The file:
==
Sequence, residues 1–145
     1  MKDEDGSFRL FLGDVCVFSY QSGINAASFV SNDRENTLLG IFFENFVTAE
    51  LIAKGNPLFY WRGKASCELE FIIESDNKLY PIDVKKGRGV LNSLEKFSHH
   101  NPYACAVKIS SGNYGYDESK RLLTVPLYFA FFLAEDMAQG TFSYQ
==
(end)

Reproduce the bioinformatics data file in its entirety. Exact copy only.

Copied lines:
Sequence, residues 1–145
     1  MKDEDGSFRL FLGDVCVFSY QSGINAASFV SNDRENTLLG IFFENFVTAE
    51  LIAKGNPLFY WRGKASCELE FIIESDNKLY PIDVKKGRGV LNSLEKFSHH
   101  NPYACAVKIS SGNYGYDESK RLLTVPLYFA FFLAEDMAQG TFSYQ